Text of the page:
Metafilter isn't an article-based site. It's much more of a comment-based site.
posted by shakespeherian at 8:06 AM on May 17, 2012


So there you have it, my 10 reasons not to vote for Ron Paul.

But about half of those reasons sound like reasons to vote for Ron Paul.
posted by gyc at 8:09 AM on May 17, 2012 [4 favorites]


Ron Paul is one of the most disingenuous politicians around, couple that with Romney's seeming ability to be on all three sides of an issue at once and near pathological rate of outright lying, I think the two of them should totally be on the same ticket.
posted by edgeways at 8:09 AM on May 17, 2012


? which half are those gyc?
posted by edgeways at 8:11 AM on May 17, 2012 [5 favorites]


Libertarians tend to be fiscal conservatives but social liberals, and I've never seen any of them demonstrate the kind of homophobia or misogyny that religious conservatives frequently embrace.

I don't know, I've been told "women shouldn't be allowed to vote, because they vote for increases in welfare spending" and also "contraception should be a state's right to choose" by libertarians, but you know, I think it's a really broad umbrella as far as political leanings go, and it's not like homophobia and misogyny are magically absent from Democrats either. That said, relying on un-moderated comments attached to free articles for evidence strikes me as a good way to loathe humanity and your own literacy really quickly, regardless of the topic.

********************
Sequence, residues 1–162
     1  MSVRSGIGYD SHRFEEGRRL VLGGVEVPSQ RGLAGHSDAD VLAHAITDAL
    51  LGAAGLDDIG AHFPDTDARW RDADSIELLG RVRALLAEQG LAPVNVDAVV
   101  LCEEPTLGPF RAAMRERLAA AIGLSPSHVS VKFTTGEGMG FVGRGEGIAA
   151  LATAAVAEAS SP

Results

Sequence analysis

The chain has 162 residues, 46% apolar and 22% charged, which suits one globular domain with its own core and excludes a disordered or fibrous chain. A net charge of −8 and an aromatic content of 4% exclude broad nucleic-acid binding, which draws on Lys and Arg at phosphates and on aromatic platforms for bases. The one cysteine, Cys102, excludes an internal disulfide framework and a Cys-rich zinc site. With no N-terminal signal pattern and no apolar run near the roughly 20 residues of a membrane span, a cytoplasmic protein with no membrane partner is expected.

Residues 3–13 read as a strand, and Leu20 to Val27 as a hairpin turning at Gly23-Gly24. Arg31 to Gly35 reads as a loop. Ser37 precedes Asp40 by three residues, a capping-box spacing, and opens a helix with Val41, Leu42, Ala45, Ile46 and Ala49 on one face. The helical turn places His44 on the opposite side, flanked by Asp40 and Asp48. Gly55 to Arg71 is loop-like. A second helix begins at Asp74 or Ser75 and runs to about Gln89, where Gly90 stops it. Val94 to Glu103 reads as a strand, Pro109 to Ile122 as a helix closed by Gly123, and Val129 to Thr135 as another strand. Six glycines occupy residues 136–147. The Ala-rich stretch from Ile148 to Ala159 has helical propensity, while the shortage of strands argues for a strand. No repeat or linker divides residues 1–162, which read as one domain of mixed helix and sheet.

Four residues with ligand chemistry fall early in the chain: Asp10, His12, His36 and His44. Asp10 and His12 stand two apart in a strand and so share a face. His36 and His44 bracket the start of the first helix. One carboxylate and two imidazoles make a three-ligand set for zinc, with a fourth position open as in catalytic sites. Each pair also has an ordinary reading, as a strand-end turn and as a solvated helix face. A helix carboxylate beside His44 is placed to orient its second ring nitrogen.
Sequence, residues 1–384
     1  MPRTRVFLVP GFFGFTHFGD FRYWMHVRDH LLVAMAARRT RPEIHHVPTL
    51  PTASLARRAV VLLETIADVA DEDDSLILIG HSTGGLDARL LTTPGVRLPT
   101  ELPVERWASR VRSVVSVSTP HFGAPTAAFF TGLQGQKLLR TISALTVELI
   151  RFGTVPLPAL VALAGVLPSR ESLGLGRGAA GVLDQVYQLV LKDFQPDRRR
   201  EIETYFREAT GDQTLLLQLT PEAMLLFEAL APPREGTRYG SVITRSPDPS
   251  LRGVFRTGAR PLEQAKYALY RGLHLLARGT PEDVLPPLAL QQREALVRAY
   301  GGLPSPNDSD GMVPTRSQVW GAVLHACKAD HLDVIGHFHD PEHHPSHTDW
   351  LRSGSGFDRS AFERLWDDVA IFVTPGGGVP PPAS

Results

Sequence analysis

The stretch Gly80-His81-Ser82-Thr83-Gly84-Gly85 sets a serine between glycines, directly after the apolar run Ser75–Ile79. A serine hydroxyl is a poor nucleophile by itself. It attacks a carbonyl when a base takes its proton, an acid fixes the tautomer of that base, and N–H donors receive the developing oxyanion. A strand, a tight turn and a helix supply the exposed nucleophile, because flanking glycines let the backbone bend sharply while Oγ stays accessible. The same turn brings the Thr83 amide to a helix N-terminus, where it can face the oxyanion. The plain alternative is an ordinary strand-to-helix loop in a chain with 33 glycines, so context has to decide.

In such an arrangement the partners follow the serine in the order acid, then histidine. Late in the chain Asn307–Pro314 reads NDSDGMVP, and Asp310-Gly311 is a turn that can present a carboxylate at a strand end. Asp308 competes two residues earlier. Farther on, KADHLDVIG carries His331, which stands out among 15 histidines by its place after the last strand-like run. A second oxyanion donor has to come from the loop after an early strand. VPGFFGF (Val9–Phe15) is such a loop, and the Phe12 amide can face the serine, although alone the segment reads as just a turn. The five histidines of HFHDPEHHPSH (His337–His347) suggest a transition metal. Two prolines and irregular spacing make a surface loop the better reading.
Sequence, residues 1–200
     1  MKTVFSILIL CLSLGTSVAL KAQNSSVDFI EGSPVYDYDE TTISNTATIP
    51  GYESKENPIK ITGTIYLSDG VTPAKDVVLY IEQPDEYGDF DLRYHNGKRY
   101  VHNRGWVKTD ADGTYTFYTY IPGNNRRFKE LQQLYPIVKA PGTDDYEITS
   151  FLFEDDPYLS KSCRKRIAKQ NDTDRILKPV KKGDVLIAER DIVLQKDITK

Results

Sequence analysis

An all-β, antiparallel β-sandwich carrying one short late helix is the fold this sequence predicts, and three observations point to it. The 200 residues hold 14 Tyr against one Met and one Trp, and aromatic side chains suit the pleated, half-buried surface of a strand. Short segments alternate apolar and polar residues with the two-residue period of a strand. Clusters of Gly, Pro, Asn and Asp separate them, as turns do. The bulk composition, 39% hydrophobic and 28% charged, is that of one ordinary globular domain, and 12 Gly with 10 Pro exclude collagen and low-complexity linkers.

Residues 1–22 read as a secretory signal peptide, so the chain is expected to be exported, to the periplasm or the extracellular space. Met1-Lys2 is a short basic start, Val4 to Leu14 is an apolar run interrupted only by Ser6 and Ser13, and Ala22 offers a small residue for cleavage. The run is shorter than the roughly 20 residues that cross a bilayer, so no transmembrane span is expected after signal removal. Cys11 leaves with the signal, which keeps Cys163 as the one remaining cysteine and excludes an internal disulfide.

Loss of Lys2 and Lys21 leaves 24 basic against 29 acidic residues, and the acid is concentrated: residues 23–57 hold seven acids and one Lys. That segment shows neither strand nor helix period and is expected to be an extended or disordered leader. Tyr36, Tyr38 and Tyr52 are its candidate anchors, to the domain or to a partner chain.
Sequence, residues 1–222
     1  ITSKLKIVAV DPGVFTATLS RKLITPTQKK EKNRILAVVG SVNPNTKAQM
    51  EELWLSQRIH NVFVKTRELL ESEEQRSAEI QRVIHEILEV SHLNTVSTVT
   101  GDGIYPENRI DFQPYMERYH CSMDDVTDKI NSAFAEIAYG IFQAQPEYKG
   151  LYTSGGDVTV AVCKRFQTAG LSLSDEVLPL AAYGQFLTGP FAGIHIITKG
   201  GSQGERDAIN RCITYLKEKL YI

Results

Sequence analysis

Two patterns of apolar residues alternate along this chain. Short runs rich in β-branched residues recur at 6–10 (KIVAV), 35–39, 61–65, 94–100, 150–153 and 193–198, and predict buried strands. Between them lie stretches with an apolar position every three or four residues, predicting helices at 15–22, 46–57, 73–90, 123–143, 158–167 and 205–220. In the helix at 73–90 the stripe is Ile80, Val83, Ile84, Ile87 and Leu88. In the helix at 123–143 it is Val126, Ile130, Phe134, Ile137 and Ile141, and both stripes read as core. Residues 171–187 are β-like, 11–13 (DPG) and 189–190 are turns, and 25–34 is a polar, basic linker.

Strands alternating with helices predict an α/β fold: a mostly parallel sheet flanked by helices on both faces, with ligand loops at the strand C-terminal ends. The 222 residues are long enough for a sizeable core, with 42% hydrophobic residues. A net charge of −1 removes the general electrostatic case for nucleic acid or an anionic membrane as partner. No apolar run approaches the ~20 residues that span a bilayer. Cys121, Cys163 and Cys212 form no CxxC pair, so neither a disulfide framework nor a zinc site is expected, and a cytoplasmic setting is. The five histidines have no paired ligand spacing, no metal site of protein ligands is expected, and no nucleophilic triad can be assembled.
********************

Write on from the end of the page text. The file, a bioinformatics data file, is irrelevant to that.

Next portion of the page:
posted by jetlagaddict at 8:11 AM on May 17, 2012 [3 favorites]


Perhaps I should have noted that I thought that it quite ably tracks the timeline of Paul's campaign and that I agree that it should have been part of a series covering all candidates, including Obama.

Personally I think they should have covered more than the 2011 portion of Paul's presidential campaign, perhaps overlaying the comments for each election, delving backing into Usenet for the earlier ones.

How long has he been running? Are there cave painting bemoaning the lack of coverage from mainstream media?
posted by Artw at 8:14 AM on May 17, 2012 [3 favorites]


That said, relying on un-moderated comments attached to free articles for evidence strikes me as a good way to loathe humanity and your own literacy really quickly, regardless of the topic.

Ha, totally. This comic comes to mind.
posted by wolfdreams01 at 8:18 AM on May 17, 2012


Libertarians tend to be fiscal conservatives but social liberals, and I've never seen any of them demonstrate the kind of homophobia or misogyny that religious conservatives frequently embrace.

In my experience, Big 'L" Libertarians tend to be authoritarian douchebags, with a soupçon of racism, misogyny and/or homophobia thrown in for good measure.

Little 'l' libertarians tend to be fiscal conservatives who believe and encourage people to let their freak flag fly and fuck em if they can't take a joke.

But, that's just my experience.
posted by Pogo_Fuzzybutt at 8:18 AM on May 17, 2012 [15 favorites]


Ehh. I bet if you cherry-picked MeFi, you'd be able to write an article that makes the site sound as insane as these folks.

I mean, the "can I eat this" threads alone ...
posted by Cool Papa Bell at 8:26 AM on May 17, 2012 [6 favorites]


How long has he been running?

Seemingly forever.
posted by Trurl at 8:29 AM on May 17, 2012


Id vote a soggy peice [sic] or [sic] bread before I’d vote for Obama or Romney. I didn’t meant [sic] to bash soggy bread, but that’s how I feel. -Ghxh